Twice a day, I drive past this woman on the Maple Terrace condo model-trailer-thing at Maple Avene and Wolf Street on my way to and from work, and twice a day, I wonder how the ad agency that picked that photo stays afloat. It wasn't even shot specifically for the signage; a rep--which is to say, a very offended rep--from RBMM says it's just some stock shot that's meant, and I am paraphrasing here, to represent the variety of colorful characters who once inhabited Maple Terrace. It's meant to look historical; I think it looks hysterical. It is perhaps the most unsettling visage in the history of advertising. But questionable marketing decisions seem to be de rigeur at Maple Terrace.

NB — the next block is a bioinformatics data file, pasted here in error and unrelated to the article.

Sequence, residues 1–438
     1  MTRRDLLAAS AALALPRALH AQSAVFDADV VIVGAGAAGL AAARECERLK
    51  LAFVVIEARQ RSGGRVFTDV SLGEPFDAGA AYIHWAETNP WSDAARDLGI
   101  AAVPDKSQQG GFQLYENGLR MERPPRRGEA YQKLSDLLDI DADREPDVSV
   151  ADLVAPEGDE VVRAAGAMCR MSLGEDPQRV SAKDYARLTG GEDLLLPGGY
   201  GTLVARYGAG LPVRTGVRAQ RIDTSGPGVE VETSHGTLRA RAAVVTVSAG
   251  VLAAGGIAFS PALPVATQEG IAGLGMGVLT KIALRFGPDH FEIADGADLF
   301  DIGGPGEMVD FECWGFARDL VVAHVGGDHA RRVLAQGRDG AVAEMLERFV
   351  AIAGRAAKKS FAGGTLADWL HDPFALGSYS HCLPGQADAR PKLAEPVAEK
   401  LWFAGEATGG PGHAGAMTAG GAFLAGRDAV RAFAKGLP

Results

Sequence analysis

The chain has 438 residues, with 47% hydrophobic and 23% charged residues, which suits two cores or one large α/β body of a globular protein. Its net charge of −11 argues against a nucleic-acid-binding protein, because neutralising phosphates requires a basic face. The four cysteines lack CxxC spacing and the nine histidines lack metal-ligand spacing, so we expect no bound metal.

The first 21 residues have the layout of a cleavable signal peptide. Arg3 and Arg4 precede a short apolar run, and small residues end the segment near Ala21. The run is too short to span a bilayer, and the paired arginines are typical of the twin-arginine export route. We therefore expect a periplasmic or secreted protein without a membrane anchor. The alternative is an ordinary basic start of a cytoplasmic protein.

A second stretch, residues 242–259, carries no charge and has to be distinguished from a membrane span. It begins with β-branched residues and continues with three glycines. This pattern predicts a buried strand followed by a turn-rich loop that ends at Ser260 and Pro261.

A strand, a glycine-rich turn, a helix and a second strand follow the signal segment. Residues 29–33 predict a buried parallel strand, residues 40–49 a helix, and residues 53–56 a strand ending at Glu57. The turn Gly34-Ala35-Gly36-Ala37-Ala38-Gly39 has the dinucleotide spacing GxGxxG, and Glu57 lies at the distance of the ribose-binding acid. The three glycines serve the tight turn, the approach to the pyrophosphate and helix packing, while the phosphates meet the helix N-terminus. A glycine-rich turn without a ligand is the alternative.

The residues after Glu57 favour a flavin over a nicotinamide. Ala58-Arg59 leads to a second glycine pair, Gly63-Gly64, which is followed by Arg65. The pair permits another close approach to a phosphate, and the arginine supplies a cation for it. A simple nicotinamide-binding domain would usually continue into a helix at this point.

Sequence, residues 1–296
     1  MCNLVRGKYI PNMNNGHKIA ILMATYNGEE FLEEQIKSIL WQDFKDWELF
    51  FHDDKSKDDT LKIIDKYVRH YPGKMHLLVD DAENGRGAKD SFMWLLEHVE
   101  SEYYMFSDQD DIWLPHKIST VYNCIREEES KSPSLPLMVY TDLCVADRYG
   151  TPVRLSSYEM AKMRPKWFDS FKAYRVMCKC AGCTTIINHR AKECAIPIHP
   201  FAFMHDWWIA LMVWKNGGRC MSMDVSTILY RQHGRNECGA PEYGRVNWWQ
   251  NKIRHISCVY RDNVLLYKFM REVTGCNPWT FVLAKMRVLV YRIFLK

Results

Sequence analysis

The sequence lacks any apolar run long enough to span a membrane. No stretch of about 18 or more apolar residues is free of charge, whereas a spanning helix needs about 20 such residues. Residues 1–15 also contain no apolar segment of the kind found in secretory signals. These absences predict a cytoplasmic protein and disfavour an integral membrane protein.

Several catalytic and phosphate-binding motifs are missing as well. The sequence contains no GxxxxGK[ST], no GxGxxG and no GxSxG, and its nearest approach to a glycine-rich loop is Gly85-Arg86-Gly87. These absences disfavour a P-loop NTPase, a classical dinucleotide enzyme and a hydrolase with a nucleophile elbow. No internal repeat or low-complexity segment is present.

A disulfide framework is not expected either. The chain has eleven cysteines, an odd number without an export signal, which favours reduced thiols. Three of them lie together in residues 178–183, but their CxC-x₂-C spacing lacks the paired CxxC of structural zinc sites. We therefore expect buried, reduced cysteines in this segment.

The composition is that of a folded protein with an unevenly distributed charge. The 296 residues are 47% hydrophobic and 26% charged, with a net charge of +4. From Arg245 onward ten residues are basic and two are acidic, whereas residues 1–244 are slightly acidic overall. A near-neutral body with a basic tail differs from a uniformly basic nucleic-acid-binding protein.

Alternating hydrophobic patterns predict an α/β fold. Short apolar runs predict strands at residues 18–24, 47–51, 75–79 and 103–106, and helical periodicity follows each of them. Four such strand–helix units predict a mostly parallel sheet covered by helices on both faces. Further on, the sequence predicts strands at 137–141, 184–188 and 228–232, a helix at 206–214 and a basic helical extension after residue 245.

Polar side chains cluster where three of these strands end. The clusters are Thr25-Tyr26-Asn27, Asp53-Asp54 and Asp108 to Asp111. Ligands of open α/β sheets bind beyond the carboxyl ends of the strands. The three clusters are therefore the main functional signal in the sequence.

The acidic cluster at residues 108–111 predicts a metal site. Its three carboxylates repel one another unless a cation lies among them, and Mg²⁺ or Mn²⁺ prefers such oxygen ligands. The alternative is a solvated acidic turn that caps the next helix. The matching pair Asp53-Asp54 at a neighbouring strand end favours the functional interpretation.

You used to have to be on somebody's very exclusive list if you wanted to live in the condos alongside the cultural elite of Dallas. Now, you just have to be able to pay the rent. The Maple Terrace folks think this is something to be proud of, according to the sales Web site:
"It was a place where becoming a resident was a matter of knowing someone, or better still, being someone. To open doors, you had to have the right credentials. Today, all you need is a desire to own a piece of history."
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And, apparently, a desire to live somewhere near a horse-faced martini drinker who looks like she'll probably knock on your door at 7 p.m. on a Friday, invite herself in, pour herself a glass of your favorite shiraz and talk for 45 minutes about the fabulous new table runner she ordered to match the stemware that her mother-in-law just hates. --Andrea Grimes